Stone Soup

When my youngest son was in Kindergarten I helped the teacher organize a project for Thanksgiving. She added the familiar tale of Stone Soup to the plan to make soup for our feast. The children delighted in bringing something to add to the pot to create a very magical soup. My son is now in college but I continue to think of making “Stone Soup” to launch the holiday season.        ~ ~ ~ Babette

Stone Soup

From Emma Lea’s Family Cookbook and Emma Lea’s TeaZine.

The story of Stone Soup is well known as a picture book. But you can create the same experience for young children with your own magic stone and interesting array of ingredients.


Ingredients:

A magic stone
A large soup pot
Water
Vegetables
Optional soup bone or other meat products
The Stone Soup story book or a willing storyteller

Directions:

There are many versions of this classic story. And you can easily find a picture book version at your local library or bookstore. One of the most famous editions is by Marcia Brown, winner of the Caldecott Award. I’ve also composed a short version based on the original French fable, printed below.

Begin by reading the story together. Follow with the suggestion to make your own stone soup. Be sure to wash and pre-boil your magic stone. Sometimes I’ve even tied a string around the stone so that we could lift it out to see it while it’s cooking. That always produced lots of jokes and giggles. Then have your child help make the choices for what goes in next.

I encourage you to explain that the rock isn’t really magic. It just makes the story fun and teaches us lessons about generosity and teamwork.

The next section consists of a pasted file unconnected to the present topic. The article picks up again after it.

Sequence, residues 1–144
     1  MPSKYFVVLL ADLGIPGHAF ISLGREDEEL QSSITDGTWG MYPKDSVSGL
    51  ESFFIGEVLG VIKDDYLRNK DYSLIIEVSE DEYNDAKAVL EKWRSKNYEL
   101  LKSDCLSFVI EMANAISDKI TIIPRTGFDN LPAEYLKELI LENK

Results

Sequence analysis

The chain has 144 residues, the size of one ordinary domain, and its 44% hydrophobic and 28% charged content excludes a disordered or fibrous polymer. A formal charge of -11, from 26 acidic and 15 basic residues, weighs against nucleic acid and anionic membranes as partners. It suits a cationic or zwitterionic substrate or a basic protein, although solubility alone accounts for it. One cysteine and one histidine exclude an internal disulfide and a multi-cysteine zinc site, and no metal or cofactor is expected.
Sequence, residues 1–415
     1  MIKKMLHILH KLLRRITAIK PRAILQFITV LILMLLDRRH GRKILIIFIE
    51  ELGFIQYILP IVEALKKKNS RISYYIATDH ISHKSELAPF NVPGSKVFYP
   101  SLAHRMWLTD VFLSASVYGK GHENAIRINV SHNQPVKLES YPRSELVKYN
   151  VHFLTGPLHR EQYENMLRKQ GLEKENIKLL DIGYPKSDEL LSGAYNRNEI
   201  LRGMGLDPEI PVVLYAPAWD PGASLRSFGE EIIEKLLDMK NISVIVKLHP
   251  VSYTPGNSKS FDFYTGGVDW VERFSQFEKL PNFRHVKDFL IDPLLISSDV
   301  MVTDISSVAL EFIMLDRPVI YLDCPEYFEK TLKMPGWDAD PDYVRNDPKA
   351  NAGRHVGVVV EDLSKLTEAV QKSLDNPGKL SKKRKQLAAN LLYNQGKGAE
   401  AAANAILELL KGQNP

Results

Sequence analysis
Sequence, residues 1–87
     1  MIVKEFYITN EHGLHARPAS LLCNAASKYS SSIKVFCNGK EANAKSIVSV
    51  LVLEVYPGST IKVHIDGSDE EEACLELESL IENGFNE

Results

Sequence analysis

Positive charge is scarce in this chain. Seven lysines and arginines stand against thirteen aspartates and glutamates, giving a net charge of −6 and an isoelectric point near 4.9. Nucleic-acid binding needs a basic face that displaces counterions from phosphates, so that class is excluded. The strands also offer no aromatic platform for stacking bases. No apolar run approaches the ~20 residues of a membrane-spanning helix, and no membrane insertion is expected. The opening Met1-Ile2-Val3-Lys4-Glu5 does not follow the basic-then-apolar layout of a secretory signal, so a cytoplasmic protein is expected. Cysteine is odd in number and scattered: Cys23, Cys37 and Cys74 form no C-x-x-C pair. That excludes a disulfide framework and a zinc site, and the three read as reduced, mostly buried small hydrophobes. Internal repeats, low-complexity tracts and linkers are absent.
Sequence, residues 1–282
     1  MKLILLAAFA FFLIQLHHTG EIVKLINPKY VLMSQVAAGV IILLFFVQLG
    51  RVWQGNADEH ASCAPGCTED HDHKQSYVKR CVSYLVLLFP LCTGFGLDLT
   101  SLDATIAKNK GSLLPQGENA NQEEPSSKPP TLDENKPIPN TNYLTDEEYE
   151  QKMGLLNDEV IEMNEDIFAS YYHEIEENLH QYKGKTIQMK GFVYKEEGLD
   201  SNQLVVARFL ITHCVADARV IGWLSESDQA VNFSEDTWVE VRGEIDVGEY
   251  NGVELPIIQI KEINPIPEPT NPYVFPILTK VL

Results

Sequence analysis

And while the soup is cooking, you can also make some Homemade Crackers,  page 91 or Cheese Crusts,  page 90, to serve together.

Note:
Adding meat to the soup requires a longer cooking time. If you want to use meat, you might be able to have the stock and meat cooked in advance if time is critical.


The Story of Stone Soup

Once upon a time there was a land  which had suffered from many years of war and the destruction of their land. Money and food were scarce. The people were careful and forced to live on very little.  One day a wandering soldier came into the village looking for a place to stay.
“There’s nothing to eat in our town,” he was told. “Better find somewhere else to settle.”
“Oh, I have everything I need,” he said. “In fact, I can see how you are suffering and  thought of making some soup for all of you.” He pulled a kettle from his wagon, filled it with water, and built a fire under it. Then, with great ceremony, he drew an ordinary-looking stone from a silk bag and dropped it into the water.
News of the stranger traveled quickly through the village and many came to watch him prepare his mysterious soup. The soldier sniffed the broth and smacked his lips.
“Ahh,” the soldier said to himself rather loudly, “I do like a tasty stone soup. Of course, stone soup with a beef bone — well, that’s much better.”
The butcher was standing at the edge of the town square and all eyes turned to him. “Well, I suppose I have a bone I could add to the pot.”
The soldier added the meat bone with great ceremony and the townspeople cheered. Then he added, “You know, I once had stone soup with cabbage and a bit of salt beef as well, and it was fit for a king.”